Sunday, December 2, 2007
Does this mean that Google doesn't approve of linking? By all means, NO... Google supports linking in every way, in fact they encourage website owners to obtain external links in order to help their rankings. What they don't approve of is the purchasing of links in order to increase rankings.
The point of rankings within the search engine results pages (SERPs) is to help the user find what they are looking for efficiently. If a website has next to no relevant content and has rankings just because of a load of external links is that helping the user find what they need?
If the website has relevant content to what the user is looking for, then chances are the user isn't only going to find what they need, but the user is going to be so excited about the site that they are going to either blog it, or tell others about the site by adding a link to it.
This was the whole basis to Google's algorithms from the beginning. The problem is that SEO's have been using black hat techniques in order to increase rankings quickly (linking, doorway pages, duplicate content, etc) leaving Google and the other search engines having to adjust the algorithms in order to bring the most relevant results.
When optimizing a website, always be sure to provide your user with relevant content, and landing pages that reflect what each user would be looking for. For example, if someone is looking to start dating online they would want a website that offers advice for those wanting to date online. Thus when a user types in "Online Dating Advice" They would find a website and a webpage that reflects the online dating advice.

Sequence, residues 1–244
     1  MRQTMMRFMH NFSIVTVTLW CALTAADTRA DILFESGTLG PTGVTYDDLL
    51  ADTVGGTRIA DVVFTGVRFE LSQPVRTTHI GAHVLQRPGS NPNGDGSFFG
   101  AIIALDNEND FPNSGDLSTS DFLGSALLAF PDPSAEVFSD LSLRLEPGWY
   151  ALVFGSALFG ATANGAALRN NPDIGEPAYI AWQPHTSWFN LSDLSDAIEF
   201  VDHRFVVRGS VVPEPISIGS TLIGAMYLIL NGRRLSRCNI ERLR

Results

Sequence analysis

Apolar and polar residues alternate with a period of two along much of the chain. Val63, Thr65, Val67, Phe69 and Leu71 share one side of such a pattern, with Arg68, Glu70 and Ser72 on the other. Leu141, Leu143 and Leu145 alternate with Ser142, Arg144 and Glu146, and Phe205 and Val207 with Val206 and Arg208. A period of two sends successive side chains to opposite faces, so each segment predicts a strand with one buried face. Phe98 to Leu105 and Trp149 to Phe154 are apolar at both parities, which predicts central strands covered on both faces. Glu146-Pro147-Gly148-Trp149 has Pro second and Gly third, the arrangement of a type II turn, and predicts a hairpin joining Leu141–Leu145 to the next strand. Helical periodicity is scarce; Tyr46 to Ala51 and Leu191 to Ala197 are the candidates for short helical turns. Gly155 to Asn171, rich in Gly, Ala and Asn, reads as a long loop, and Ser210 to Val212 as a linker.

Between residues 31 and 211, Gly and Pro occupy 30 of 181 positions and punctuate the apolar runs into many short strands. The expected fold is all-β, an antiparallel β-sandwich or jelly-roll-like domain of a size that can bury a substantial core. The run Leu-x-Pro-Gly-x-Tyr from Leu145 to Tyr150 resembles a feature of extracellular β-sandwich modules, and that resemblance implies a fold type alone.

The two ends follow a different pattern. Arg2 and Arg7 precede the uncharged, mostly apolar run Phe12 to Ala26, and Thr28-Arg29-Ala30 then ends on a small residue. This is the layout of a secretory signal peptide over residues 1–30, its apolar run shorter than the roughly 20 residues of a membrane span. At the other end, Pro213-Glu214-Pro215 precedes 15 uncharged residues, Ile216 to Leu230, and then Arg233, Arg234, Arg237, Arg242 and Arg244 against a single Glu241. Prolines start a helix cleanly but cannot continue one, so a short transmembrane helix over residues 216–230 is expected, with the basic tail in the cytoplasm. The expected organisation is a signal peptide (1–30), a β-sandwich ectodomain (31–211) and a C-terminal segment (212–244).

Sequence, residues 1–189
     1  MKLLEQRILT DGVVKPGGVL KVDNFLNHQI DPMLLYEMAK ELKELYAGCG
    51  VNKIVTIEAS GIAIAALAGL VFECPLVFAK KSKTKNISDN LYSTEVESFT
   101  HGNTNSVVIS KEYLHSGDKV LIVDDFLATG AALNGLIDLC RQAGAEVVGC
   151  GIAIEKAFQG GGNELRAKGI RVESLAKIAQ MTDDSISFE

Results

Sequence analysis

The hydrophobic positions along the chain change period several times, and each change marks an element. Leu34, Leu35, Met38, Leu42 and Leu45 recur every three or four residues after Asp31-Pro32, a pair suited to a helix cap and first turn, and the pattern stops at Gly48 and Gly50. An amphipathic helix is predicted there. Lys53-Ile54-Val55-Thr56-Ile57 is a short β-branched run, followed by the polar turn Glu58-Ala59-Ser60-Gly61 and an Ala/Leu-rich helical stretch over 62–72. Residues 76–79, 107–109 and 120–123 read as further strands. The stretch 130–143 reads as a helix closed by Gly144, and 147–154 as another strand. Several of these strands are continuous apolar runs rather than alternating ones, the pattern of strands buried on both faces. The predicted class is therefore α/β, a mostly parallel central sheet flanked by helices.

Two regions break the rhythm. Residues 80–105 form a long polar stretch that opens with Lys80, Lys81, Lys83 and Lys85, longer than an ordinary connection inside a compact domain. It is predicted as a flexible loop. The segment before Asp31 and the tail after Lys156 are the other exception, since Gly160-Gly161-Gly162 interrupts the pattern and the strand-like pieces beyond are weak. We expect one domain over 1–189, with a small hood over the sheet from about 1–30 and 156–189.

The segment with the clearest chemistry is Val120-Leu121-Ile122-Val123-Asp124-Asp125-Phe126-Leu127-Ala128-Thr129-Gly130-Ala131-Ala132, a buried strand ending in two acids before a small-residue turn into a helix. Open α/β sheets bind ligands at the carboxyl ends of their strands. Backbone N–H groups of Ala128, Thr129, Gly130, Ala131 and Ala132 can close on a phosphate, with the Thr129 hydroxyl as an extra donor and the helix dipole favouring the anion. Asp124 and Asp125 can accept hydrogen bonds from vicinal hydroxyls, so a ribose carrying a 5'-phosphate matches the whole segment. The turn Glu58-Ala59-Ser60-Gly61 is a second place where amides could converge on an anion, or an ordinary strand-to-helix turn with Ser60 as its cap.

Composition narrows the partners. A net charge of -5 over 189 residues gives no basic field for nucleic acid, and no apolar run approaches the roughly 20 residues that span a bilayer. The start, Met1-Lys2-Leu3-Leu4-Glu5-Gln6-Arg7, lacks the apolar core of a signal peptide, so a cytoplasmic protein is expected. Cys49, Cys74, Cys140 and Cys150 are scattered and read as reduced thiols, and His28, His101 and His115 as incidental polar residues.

Google talks more about this and Matt also adds a bit about how Google made some algorithmic changes recently which resulted in a lot of websites loosing pagerank and search results - Purchasing Links is BAD -
Read it and memorize it well...
Always remember that if you have to adjust because your site lost rankings, then you aren't optimizing correctly.
Tuesday, November 27, 2007
Matt Cutts visited us here in Seattle by heading to Google Kirkland office. They had decided to make a few videos of Matt while he was there and post it to the Google Webmaster Blog - Anatomy of a Search Result. Matt's video explains the snippets (title and description that shows up in your search results). He used Starbucks as an example. The Starbucks site is a good one since it has limited content on the page, but uses meta descriptions in their code.
Matt mentioned in the video that we have no control over the site links presented underneath the snippet which isn't entirely true. While we are unable to pay for the extra sitelinks within the snippet, we are able to control them through the webmaster tools. Under the "links" and then "sitelinks" within webmaster tool, if Google has generated sitelinks for your website, you are able to control them from there.
Always remember how the snippet works:
- If the search term is within the meta description of the web page then the description will appear in the snippet (with the term highlighted in bold).
- If the term isn't in the meta description or there isn't a meta description then the words around the content within the body of the page will be displayed (with the term highlighted in bold).